Businesses often possess the resources and expertise to research and develop new applications, leveraging their knowledge of construction processes and materials engineering. Moreover, they are motivated by economic incentives, as using recycled tire materials can lead to cost savings. However, businesses may also face resistance from stakeholders or consumers skeptical about recycled materials, necessitating education and outreach efforts to foster trust and acceptance. While businesses play a crucial role in innovation, they are not solely responsible for implementing these materials in construction.

The workshop's second part delved into insights on current sustainability requirements for tire recycling materials from Jose Lucas & Tatiana Quintero from ITEC. They shed light on evolving regulations and directives, emphasizing the need for stakeholders to stay informed about forthcoming changes. Documents like user manuals and regulations were discussed to underscore their impact on the market and industry practices.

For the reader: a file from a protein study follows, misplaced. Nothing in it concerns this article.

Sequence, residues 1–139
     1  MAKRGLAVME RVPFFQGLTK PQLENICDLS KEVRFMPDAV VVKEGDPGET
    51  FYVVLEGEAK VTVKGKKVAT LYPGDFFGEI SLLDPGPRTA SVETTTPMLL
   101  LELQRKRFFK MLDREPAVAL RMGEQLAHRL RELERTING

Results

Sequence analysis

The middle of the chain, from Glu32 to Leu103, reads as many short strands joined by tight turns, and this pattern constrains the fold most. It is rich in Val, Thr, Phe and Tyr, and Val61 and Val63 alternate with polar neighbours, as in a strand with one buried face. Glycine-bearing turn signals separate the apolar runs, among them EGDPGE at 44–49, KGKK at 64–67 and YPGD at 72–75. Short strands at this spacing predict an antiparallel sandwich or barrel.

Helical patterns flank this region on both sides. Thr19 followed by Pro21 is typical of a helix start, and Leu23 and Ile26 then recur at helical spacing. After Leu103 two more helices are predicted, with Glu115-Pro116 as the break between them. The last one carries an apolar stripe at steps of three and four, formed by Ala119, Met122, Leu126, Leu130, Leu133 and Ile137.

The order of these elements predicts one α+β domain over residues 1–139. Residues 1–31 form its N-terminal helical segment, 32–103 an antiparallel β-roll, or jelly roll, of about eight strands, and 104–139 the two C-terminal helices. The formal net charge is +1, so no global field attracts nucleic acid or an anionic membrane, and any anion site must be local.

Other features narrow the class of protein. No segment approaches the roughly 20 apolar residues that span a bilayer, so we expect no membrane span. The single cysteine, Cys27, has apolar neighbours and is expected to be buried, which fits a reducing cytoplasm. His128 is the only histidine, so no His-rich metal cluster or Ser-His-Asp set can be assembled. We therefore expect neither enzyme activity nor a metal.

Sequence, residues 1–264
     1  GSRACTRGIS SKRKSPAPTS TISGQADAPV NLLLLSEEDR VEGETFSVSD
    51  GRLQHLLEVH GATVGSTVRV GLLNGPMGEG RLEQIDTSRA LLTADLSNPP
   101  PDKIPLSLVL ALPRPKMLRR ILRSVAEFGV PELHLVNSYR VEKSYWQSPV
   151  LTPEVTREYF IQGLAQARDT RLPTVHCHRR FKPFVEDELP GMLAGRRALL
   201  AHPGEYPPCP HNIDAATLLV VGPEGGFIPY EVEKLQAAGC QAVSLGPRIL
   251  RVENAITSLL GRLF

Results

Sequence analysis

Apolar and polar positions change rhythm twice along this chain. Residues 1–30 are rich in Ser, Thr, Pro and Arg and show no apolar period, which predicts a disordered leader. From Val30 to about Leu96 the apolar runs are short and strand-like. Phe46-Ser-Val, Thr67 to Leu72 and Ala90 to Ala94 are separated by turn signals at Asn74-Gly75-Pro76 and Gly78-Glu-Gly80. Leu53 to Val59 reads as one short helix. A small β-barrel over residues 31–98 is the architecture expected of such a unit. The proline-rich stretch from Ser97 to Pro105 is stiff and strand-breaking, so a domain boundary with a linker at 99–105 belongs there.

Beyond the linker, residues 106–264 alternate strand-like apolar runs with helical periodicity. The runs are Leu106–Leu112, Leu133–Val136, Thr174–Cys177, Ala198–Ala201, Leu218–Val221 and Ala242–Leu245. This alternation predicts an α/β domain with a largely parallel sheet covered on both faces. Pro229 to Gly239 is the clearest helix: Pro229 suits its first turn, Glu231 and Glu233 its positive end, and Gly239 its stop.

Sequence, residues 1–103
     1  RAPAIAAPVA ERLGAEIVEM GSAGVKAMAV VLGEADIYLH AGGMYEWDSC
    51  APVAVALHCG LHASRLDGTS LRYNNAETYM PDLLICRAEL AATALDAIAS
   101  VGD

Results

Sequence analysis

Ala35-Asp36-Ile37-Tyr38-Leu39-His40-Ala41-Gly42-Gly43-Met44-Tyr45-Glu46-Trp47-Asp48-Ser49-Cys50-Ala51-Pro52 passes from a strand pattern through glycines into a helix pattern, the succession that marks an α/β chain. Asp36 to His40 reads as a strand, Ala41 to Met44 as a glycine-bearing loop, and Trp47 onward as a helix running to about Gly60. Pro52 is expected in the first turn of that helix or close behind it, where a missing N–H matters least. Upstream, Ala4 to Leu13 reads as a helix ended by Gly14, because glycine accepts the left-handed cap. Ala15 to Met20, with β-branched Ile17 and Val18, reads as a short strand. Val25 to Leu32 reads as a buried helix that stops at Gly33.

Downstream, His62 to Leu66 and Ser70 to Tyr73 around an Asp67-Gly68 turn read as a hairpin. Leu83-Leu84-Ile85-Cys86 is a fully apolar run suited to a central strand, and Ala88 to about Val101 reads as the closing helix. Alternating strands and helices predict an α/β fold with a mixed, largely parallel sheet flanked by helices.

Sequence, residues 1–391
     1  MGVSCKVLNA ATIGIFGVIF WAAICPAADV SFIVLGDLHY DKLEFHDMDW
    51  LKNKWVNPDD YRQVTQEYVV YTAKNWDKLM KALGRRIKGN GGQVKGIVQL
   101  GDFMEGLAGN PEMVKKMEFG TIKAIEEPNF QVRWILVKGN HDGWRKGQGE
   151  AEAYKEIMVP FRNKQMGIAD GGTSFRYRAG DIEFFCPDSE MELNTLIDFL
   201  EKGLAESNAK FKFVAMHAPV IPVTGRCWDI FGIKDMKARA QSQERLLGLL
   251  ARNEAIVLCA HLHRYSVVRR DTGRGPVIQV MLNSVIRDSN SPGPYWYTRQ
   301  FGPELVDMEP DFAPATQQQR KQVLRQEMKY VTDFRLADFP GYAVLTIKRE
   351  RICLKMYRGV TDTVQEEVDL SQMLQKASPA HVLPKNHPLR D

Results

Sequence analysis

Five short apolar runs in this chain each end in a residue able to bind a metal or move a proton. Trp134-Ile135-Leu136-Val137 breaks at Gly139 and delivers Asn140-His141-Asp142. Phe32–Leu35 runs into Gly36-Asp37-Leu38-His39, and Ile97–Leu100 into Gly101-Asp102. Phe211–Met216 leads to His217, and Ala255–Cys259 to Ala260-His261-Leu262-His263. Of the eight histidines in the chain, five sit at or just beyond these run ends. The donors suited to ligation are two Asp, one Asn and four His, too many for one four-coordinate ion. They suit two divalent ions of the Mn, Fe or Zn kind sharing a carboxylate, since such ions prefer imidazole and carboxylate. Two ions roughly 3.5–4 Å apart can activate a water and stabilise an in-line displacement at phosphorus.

One key document highlighted was Regulation (EU) 2020/852, which sets criteria for determining whether an investment is sustainable. This taxonomy aims to guide investors, companies, and project designers towards a low-carbon economy and efficient resource use. This reinforces the notion that while the use of recycled materials may currently be a matter of preference for businesses, it will likely become ubiquitous over time.

During the workshop, participants shared insights on how businesses perceive innovations and envision collective solutions for existing challenges. We greatly value face-to-face interactions and the contributions of individuals who openly share their experiences and insights, forming the backbone of our community and driving the advancement of circular economy with recycled tire materials.